As part of the "Identifying Colors Project" (page 21) we learned about colors by creating a large color wheel. We went around the house collecting art materials (and sometimes toys) to match the colors. Or opening a book of famous art paintings and comparing and matching the colors to our palette before recreating the painting. We also stopped by a paint store and collected new paint chips to learn about different shades of colors (similar to our matching paint chips activity) and used them to mix paint colors together. This time we put all shades of one color on one ring, and all the rings on a much bigger ring, so if they want to work with just shades of red, they can just remove the red ring.
Something that became very common around our house was that we now talk about art all the time. Talk about nature. Talk about creativity and inspiration. Talk about imagination. When you sit down to look at art, ask what they are thinking about, ask what it makes them feel, ask if it inspires them to create something of their own. And then let them create it using whatever materials they want. When you sit down to create art, give them space and only step in when they request it. Hovering and pestering distracts and frustrates most artists, but especially children who already have a short attention span.
Also, don't make art a chore, just encourage it. Art should be fun and inspired. For younger children, art should be about exploring textures and materials, techniques, and discovering their style. Don't worry about scribbles. Scribbles are part of the process.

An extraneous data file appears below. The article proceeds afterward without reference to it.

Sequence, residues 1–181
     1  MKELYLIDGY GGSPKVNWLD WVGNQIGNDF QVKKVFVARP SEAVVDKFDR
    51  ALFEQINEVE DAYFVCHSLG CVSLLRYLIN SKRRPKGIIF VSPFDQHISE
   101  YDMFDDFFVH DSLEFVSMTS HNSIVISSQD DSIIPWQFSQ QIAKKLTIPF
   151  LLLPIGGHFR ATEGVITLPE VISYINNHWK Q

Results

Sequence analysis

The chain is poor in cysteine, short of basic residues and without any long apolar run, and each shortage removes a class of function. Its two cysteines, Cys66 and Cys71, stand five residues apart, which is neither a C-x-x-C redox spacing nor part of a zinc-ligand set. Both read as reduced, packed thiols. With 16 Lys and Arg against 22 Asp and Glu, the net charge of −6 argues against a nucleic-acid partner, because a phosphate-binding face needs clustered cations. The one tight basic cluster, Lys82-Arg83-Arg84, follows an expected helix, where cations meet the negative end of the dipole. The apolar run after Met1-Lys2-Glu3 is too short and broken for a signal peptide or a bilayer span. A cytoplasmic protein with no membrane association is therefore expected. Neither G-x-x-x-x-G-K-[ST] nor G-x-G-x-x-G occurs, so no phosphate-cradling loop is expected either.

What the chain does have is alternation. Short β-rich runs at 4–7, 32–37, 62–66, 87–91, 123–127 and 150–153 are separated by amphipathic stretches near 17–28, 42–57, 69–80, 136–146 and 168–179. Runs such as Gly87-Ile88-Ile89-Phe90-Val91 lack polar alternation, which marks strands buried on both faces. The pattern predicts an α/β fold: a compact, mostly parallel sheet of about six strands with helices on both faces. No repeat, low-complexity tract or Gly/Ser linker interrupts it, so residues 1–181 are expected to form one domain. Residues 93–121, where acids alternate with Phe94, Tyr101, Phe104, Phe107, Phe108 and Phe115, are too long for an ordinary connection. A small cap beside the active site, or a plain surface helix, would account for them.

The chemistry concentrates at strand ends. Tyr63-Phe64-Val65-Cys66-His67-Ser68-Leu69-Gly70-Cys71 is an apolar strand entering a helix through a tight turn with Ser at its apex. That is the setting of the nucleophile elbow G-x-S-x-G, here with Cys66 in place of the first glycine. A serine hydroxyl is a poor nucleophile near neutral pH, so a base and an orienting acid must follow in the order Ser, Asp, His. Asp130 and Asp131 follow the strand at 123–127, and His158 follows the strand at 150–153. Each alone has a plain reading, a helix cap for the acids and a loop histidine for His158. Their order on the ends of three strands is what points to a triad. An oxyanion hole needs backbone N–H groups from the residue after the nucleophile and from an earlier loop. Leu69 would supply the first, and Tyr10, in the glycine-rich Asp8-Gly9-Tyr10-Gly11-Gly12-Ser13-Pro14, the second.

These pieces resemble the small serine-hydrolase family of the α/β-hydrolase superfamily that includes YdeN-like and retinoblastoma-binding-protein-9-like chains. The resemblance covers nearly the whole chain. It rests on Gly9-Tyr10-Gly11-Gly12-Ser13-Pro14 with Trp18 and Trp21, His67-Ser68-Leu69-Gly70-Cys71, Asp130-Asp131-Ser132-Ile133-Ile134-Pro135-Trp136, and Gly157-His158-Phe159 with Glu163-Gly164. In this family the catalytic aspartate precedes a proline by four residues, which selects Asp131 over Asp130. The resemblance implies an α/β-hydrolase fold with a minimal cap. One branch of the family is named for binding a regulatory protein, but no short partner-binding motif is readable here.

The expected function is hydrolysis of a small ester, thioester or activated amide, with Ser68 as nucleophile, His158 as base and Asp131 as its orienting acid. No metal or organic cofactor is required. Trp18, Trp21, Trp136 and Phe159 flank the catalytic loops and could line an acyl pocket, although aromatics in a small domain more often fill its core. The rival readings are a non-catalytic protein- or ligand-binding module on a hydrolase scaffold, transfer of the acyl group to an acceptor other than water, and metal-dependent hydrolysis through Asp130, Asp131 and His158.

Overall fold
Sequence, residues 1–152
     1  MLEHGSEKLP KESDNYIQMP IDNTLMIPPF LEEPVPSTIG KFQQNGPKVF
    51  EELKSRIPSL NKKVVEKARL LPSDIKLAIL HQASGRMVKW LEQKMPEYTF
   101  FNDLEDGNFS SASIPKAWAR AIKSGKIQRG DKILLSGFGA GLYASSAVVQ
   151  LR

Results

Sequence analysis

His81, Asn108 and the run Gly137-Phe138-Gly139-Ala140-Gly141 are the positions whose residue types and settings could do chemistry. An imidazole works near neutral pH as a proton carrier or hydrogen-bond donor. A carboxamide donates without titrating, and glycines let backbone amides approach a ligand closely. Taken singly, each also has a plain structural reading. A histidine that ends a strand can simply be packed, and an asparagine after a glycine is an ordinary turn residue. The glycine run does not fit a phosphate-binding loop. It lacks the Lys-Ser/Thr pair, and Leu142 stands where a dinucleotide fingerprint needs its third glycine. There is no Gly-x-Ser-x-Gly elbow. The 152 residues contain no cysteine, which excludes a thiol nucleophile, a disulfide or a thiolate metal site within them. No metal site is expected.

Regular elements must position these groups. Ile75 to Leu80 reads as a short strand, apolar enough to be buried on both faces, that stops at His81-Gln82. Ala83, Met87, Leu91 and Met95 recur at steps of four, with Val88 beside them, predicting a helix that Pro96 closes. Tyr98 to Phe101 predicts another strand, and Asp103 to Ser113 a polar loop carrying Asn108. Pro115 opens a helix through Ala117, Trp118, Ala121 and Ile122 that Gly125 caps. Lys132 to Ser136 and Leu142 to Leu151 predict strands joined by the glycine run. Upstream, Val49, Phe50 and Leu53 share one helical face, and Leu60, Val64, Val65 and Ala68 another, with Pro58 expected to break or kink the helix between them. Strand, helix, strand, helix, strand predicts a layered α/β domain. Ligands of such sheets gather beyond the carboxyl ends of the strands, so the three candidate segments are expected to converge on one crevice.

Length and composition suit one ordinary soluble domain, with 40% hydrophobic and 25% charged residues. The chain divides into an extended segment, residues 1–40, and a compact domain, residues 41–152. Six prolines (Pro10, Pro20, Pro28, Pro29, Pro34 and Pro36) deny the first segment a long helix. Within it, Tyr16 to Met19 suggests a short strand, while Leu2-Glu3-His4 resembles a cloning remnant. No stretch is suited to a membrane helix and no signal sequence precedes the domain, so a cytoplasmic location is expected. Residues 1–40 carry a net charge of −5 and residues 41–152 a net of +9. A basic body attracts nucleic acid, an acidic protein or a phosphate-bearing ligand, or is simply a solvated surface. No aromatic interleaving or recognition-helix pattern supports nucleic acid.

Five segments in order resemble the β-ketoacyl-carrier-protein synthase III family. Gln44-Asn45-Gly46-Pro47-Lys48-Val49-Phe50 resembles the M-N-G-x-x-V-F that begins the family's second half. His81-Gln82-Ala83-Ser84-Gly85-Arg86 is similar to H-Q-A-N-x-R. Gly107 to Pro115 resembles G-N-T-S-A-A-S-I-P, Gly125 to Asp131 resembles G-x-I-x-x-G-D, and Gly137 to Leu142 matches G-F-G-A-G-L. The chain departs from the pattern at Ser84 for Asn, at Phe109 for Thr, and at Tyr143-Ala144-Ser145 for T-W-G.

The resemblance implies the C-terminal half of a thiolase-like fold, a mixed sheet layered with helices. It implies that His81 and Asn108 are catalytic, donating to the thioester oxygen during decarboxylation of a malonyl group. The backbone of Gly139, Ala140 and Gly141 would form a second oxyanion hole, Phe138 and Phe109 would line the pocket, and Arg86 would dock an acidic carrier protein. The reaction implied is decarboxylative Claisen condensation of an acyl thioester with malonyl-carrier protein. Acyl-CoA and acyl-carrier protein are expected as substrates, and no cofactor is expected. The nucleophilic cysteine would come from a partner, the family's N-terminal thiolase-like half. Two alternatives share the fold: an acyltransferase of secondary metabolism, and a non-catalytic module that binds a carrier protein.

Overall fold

Pros and Cons of using this book:
- The Way They SEE It is 90 pages long, but they are one sided pages, which I view as kind of wasteful. However, due to the way the book is set up, I can understand why they printed it this way.
- Teaches parents how to understand the art their children create.
- Engages both parents and children.
- Is non-consumable, which means the book can be used by the whole family.
- Plastic comb bound, which makes reading it so much easier.
- Teaches art appreciation, about artists, skills, and techniques that young children can understand.
- It's affordable, only $47.95 for the book, which all your children can use.
- It grows with your child. If they work through it, go ahead and work through it again the next year. Compare what they learned and see how far their art has come. If they are ready, move on to the Early Elementary books (Book 1 - Introduction to the Visual Arts, Book 2 - Stories of Artists and Their Art, Book 3 - Modern Painting and Sculpture).
- No structured lessons. Children can learn and express their art at their own pace.
I really didn't have many issues with this art curriculum. We love it and look forward to using ARTistic Pursuits in future years for our art education! I highly recommend this curriculum for first-time and experienced homeschoolers. The lessons are detailed and informative, and educated both myself and my children.